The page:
by Caroline Porter
Now what COULD it possibly be?
It is the subject of dogs. Or sometimes cats - people's pets. Bring up the issue of establishing or increasing dog tag fees and registration and the city council chambers are filled at the next available opportunity. And after all the subjects I've written about which have angered readers, this one will probably be the death of me.
I could never have pets as a child because my mother had asthma and hayfever and was allergic to cats and dogs. As an adult with children, I had several dogs and cats as pets which I dearly loved, but I don't just love animals indiscriminately. In fact, I'm afraid of those I don't know. It only makes sense. And people who grow up in rural communities or on farms know the difference between animals and humans. Some people don't.
Once a big dog jumped up on me when I entered a friend's house, and as they assured me the dog wouldn't hurt me, his claws were tearing down my legs and it was definitely hurting me. When I later took off my slacks I had sore red marks on my legs which lasted for weeks.
A neighbor had a little daschund which, because it was so close to the ground, had to jump up to bite people, including my children and me. I told my children not to go to that house again. The wife came down to my house one evening and told me she had good news and bad news and it was especially for me. Her little dog had been run over and she had accidentally done it herself. She was sad about her pet. I was glad it was gone and she knew I would be.
Now we have terrible stories about dogs literally tearing children and adults apart. When the book was thrown at the California dog owner whose dogs killed a woman in the hallway of her own apartment house, I cheered.
Pets of that size and ferocity have no place in a city, let alone an apartment building, and if I were a friend or relative of the victim, I would sue the apartment building owner for allowing it and work for a law to prohibit it.
Now we have another story of a 10 year old girl being killed by six rotweilers in a neighbor's home. SIX, mind you, all in one household.
What is the mindset of the owners of these vicious and dangerous animals? Well, in my layperson's opinion, I think they are anti-social and can't get along with other human beings. Not only do they not like other people, they want to frighten and hurt them.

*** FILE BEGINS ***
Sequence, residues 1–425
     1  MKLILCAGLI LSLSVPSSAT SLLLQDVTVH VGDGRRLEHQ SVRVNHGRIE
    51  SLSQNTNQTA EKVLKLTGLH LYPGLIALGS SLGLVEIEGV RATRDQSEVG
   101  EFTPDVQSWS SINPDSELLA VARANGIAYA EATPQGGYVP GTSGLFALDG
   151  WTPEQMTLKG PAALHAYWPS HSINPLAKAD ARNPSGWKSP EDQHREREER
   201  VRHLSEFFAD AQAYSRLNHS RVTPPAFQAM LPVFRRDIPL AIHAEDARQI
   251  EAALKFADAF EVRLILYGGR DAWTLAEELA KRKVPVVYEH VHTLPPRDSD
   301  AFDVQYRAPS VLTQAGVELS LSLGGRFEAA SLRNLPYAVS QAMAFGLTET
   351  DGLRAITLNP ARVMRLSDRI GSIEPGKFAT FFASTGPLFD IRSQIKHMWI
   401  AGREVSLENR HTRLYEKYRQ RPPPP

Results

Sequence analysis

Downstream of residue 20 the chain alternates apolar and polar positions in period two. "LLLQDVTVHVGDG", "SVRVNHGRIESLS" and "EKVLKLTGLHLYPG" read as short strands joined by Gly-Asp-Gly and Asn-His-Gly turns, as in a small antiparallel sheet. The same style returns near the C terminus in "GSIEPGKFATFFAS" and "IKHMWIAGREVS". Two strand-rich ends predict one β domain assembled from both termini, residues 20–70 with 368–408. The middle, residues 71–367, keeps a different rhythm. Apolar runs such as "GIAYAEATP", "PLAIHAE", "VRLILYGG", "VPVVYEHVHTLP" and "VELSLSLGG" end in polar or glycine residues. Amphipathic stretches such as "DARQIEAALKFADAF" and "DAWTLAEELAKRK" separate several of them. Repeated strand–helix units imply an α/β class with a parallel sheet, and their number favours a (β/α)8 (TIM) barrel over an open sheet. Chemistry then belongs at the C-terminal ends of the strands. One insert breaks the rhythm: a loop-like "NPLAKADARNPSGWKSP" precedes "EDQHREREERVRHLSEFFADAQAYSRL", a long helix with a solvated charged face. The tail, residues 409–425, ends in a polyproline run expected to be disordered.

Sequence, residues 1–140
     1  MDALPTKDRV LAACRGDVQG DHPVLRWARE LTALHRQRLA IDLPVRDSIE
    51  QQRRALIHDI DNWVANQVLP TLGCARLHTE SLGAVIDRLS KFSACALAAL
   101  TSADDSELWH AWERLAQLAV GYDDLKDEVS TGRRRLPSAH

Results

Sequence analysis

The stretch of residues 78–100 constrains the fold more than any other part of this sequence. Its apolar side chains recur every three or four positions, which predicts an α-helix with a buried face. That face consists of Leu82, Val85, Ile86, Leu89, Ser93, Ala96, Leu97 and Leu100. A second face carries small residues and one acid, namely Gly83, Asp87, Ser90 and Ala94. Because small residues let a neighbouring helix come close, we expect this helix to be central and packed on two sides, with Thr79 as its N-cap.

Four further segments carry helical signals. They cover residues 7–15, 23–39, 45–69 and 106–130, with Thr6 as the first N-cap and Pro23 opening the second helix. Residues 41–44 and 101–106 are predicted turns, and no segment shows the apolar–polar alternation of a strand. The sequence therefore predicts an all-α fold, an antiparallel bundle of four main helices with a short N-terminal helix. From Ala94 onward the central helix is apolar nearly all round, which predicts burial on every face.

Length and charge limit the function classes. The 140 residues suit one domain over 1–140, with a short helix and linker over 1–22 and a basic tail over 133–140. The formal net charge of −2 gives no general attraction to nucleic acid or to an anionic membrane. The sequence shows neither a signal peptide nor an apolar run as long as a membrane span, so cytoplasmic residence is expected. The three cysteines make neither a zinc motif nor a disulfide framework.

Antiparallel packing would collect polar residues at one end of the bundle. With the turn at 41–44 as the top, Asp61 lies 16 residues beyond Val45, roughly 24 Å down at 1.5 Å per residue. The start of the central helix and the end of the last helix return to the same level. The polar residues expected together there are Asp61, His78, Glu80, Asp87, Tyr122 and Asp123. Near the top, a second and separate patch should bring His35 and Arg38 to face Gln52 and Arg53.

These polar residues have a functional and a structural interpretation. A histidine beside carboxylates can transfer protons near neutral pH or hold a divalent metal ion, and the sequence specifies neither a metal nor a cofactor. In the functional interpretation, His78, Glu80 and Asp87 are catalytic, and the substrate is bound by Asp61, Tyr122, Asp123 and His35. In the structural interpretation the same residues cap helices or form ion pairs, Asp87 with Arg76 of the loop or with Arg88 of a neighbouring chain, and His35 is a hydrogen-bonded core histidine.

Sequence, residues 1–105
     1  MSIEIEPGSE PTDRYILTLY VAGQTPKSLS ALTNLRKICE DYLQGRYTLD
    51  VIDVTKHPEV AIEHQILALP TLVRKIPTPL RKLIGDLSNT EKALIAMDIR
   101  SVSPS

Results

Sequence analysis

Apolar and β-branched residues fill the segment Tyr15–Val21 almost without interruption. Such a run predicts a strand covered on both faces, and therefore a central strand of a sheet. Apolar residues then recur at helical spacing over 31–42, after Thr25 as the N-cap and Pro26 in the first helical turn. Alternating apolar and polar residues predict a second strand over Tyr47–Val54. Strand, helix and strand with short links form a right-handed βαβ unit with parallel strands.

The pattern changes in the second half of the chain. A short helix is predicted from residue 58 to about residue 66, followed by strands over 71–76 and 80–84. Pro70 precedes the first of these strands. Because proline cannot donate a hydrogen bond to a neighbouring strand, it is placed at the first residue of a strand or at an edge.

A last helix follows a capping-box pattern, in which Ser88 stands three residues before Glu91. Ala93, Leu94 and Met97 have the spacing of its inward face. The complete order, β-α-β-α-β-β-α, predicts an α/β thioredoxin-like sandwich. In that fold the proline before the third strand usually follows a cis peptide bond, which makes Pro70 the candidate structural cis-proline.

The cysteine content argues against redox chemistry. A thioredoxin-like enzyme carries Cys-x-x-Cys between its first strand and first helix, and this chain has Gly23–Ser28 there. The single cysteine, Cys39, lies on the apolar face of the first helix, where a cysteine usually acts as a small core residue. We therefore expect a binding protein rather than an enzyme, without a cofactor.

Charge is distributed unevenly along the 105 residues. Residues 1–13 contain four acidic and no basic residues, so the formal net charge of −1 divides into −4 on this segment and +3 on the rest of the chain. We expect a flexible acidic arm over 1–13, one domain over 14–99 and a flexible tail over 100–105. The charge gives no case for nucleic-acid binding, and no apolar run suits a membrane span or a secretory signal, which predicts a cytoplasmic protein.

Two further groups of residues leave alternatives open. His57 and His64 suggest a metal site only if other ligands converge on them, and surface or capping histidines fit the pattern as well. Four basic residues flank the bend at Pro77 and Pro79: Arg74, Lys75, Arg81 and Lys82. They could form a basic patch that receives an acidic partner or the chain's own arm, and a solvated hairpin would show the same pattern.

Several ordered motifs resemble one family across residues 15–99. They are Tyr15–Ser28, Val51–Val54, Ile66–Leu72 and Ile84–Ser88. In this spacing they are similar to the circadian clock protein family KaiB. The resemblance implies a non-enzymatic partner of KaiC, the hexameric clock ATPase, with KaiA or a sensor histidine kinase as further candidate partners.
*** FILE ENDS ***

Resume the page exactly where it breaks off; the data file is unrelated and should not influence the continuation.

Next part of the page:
One of the shocking elements of campaigning for political office is approaching the houses and yards that contain huge, vicious dogs. In one small town I stepped on a front porch with a cheerful, friendly sign on the wall that read, ''Welcome to our home.'' When I rang the doorbell, my heart practically stopped because three or four huge, drooling, snarling , barking dogs threw themselves against any available window and I was sure they were going to come right through. We can joke all we want about keeping politicians away, but I could have been a child, the mailman, a neighbor - anyone.
Frankly, I think I'd rather get shot by a gun than be slowly chewed up by a dog or dogs. I have great sympathy for the animals themselves. Animals should not be tied up or cooped up in a house all day while the owners are away. Vicious dogs have obviously been mistreated or trained to be that way. We should worry about the owners, not the animals.
These animals have got to be expensive to care for and to feed and frankly, many of the big dogs are in low income households. They are not only dangerous to others, but to children and probably the owners themselves. So the question remains, why are they there?
I'll check my sociology resources and let you know. Who knows, maybe I've hit it right on the button.
Caroline Porter is a freelance writer from Galesburg who can be reached at email@example.com.